Figure 1: The clinical image of the urinary bag with purple discoloration of urine suggestive of purple urinary bag syndrome

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The prolonged hospitalization, catheterization, and the presence of UTIs predispose to PUBS. Females and alkalinity of the urine are more linked to this disorder.[2] Tryptophan metabolites indoxyl that turns indigo (blue color) and when mixes with indirubin (red color) turns urine purple.[3] Chronic constipation, by increased tryptophan metabolism due to bacterial overgrowth favors PUBS along with sulphatase-phsophatase-producing bacteria.[4] This is largely a benign condition, and most cases do not have remote complications. The symptomatic and supportive treatment such as urological hygiene, treatment of constipation, increased water intake, frequent changing, or intermittent catheterization is sufficient in most cases.[5] The prevention and treatment of UTI and constant vigil to rule out concurrent disorders is also required. On rare instances, PUBS can be forerunner of serious complications such as fulminant infection or abscess in adjacent structures.[6] Constant vigil thus is required in these cases as many cases might have associated renal failure during the period or PUBS may be an indicator for the same. The patient and relatives also require proper guidance to alleviate their concerns. This unusual presentation should be acknowledged and taught to hospital staff, and proper documentation is important. More cases and good studies are required to more comprehensively know about their prevalence, complications, or prognosis in the general population.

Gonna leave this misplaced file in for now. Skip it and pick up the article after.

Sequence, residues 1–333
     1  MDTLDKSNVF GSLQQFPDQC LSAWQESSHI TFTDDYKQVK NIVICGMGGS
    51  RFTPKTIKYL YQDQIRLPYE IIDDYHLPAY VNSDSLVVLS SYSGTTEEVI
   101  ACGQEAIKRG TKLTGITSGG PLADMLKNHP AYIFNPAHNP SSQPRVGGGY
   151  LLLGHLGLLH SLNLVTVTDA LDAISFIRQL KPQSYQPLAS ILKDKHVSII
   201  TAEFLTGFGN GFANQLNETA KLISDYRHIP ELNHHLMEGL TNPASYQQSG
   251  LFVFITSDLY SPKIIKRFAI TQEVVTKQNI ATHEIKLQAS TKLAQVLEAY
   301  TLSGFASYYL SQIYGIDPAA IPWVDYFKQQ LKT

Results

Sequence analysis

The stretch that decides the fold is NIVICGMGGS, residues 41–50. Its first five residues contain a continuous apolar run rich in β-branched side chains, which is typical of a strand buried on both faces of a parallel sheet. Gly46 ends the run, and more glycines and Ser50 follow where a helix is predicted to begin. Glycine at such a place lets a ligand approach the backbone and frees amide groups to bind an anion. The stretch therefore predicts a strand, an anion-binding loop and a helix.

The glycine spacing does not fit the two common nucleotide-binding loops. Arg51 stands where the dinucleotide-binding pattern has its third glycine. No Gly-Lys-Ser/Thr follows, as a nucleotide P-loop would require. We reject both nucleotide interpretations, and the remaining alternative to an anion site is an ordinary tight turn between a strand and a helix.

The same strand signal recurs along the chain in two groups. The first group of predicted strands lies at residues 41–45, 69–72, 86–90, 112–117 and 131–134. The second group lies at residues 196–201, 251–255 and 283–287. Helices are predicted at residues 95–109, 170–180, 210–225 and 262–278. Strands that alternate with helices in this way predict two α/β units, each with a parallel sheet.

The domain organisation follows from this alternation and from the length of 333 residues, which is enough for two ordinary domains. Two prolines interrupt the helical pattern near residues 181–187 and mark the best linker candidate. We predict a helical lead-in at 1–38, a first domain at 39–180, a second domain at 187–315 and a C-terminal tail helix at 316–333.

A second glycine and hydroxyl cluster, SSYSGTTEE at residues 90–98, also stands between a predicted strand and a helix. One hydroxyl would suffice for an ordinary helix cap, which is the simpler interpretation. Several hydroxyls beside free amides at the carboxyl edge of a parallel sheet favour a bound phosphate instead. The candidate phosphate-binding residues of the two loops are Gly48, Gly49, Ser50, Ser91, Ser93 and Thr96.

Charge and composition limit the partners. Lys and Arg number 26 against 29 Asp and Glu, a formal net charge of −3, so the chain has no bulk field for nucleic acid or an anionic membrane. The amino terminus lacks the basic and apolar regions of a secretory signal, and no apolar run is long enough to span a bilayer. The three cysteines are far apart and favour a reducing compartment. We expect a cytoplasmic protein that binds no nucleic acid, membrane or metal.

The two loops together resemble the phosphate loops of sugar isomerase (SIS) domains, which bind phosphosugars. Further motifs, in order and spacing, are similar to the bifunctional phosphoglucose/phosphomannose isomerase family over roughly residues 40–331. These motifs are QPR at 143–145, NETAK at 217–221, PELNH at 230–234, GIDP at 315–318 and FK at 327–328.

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  References Top

Khan F, Chaudhry MA, Qureshi N, Cowley B. Purple urine bag syndrome: An alarming hue? A brief review of the literature. Int J Nephrol 2011;2011:419213.  Back to cited text no. 1
Lin CH, Huang HT, Chien CC, Tzeng DS, Lung FW. Purple urine bag syndrome in nursing hmes: Ten elderly case reports and a literature review. Clin Interv Ageing 2008;3:729-34.  Back to cited text no. 2
Lin HH, Li SJ, Su KB, Wu LS. Purple urine bag syndrome: A case report and review of the literature. J Intern Med Taiwan 2002;13:209-12.  Back to cited text no. 3
Dealler SF, Hawkey PM, Millar MR. Enzymatic degradation of urinary indoxyl sulfate by Providencia stuartii and Klebsiella pneumonia causes purple urine bag syndrome. J Clin Microbiol 1988:26:2152-6.  Back to cited text no. 4
Kumar D, Donga N, Macwan R. Purple urine bag syndrome: A scary but easily manageable condition in a patient with prolonged indwelling urinary catheter. Indian J Palliat Care 2018;24:534-6.  Back to cited text no. 5
[PUBMED]  [Full text]  
Dharmshaktu GS, Pangtey T. Purple urine bag as indicator of multidrug-resistant vulvar abscess: Lessons for primary caregivers. J Family Med Orim Care.2018;7:484-5.  Back to cited text no. 6